平和構築委員会「Youth, Peace and Security」に関する大使級会合における大菅大使ステートメント

2020/2/11
Thank you, Ambassador de SOTO of Columbia, for giving me the floor. First of all, I wish to thank the young speakers for being with us and sharing their views on “Youth, Peace and Security”.
 
It was truly eye-opening for me and, I imagine, for many other ambassadors who used to be young so many years ago. In that regard, Mr. Chair, Japan wishes to commend you for convening today’s meeting, which demonstrates once again the significance of thematic discussions in this Commission.
 
Youth agenda is so close to my heart, because “youth” is at the center of “peaceful and inclusive societies” stipulated in the Goal 16 of the SDGs. Also, because “youth” is intimately connected to the notion of “human security” Japan has been advocating for years. Human security means that all individuals should have equal opportunity to fully develop their human potential, which is naturally greatest among the young people. Human security approach calls for twin strategy of “protection and empowerment”, which is also most relevant to youth, in particular under the situation of fragility.
 
For the sake of being interactive, I have one question to Ms. Jayathma Wickramanayake, SG’s Envoy on Youth: What concrete role and actions would you expect the youth in Japan or in any other developed countries to take in the context of peacebuilding and sustaining peace?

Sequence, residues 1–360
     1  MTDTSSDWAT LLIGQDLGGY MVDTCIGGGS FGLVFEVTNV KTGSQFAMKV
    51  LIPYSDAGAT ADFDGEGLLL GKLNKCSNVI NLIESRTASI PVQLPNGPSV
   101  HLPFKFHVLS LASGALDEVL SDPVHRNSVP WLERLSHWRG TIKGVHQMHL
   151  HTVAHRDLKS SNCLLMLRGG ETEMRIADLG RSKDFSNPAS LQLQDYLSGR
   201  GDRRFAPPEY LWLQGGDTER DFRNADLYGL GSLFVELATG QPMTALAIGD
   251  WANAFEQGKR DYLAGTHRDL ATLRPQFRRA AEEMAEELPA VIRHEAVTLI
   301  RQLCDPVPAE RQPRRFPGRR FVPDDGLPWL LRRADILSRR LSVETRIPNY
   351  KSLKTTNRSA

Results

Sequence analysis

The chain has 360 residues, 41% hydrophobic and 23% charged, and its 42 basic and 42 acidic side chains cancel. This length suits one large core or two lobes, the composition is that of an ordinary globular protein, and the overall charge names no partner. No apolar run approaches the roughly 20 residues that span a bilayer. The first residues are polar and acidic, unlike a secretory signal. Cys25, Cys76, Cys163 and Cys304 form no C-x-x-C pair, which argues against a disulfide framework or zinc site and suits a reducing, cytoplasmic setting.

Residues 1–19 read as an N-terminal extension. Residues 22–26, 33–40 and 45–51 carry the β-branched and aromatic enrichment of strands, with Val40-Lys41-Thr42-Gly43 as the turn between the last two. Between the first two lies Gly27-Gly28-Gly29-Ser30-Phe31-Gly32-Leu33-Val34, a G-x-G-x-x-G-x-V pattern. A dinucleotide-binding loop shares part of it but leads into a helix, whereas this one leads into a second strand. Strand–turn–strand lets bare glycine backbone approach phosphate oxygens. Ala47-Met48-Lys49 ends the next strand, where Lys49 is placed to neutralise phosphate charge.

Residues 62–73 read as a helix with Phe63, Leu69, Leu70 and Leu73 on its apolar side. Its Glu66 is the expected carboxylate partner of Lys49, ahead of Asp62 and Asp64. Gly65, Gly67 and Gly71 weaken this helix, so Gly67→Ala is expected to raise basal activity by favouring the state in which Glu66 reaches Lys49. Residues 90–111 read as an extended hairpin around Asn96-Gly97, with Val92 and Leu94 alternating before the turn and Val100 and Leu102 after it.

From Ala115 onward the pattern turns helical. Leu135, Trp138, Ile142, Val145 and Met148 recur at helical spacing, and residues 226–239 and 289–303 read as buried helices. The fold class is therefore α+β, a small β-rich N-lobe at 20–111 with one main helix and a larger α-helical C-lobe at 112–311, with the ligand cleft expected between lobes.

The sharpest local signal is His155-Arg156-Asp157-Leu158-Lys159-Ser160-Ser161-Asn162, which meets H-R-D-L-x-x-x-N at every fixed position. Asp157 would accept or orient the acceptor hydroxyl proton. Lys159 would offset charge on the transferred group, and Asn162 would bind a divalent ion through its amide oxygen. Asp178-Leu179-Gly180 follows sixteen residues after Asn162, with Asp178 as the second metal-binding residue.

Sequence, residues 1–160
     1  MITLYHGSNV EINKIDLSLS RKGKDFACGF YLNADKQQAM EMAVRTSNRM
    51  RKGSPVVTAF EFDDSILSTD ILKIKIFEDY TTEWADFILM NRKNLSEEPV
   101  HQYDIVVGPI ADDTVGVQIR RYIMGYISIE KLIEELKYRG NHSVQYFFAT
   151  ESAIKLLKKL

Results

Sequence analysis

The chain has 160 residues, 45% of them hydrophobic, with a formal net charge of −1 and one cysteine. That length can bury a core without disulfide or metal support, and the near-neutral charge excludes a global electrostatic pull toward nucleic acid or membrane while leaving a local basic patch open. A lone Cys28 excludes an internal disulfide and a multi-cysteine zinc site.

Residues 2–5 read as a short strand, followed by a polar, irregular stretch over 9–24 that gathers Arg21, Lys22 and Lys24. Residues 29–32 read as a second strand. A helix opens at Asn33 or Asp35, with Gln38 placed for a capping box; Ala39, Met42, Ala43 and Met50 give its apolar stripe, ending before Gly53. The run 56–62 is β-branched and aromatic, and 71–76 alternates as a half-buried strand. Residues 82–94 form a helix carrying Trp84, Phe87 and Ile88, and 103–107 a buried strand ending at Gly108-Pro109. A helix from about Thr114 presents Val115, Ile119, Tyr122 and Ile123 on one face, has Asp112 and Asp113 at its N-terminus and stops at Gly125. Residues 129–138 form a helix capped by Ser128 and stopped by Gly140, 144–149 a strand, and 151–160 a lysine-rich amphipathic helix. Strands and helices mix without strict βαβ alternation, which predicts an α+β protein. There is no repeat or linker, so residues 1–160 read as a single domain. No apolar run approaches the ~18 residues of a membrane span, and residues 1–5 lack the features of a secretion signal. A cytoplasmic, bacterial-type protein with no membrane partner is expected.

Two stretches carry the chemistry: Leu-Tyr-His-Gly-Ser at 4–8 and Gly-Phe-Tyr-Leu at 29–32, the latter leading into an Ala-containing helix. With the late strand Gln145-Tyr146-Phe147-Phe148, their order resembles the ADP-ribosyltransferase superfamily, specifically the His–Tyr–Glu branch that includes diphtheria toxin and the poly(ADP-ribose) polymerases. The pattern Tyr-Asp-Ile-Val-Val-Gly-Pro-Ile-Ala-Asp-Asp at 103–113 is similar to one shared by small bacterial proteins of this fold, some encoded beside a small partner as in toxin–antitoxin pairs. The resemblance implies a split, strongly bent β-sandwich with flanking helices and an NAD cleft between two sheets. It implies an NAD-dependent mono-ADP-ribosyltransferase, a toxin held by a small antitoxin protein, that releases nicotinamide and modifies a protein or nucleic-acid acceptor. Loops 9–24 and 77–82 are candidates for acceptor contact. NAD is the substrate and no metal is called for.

The Secretary General’s Envoy told us this morning that “Youth, Peace and Security” is not just an agenda for developing countries but for developed countries as well. Japan’s experience in implementing the SDGs tells us that sensitizing public opinion, including among youths, to take actions to achieve each Goal inside the Japanese territory is relatively simple. However, mobilizing them to contribute to the achievement in another country is another story.
 
So, I would rephrase my question as follows: How could the Governments in developed countries incentivize and mobilize the youngsters in their respective countries to take concrete actions to contribute to building peace, not just through supporting advocacy activities or funding capacity-building projects that their youths are engaged in?
 
If you do not have enough time to answer to my question this morning, please give us your full answer when you visit Japan next week and interact with Japanese youths and officials.
 
Thank you.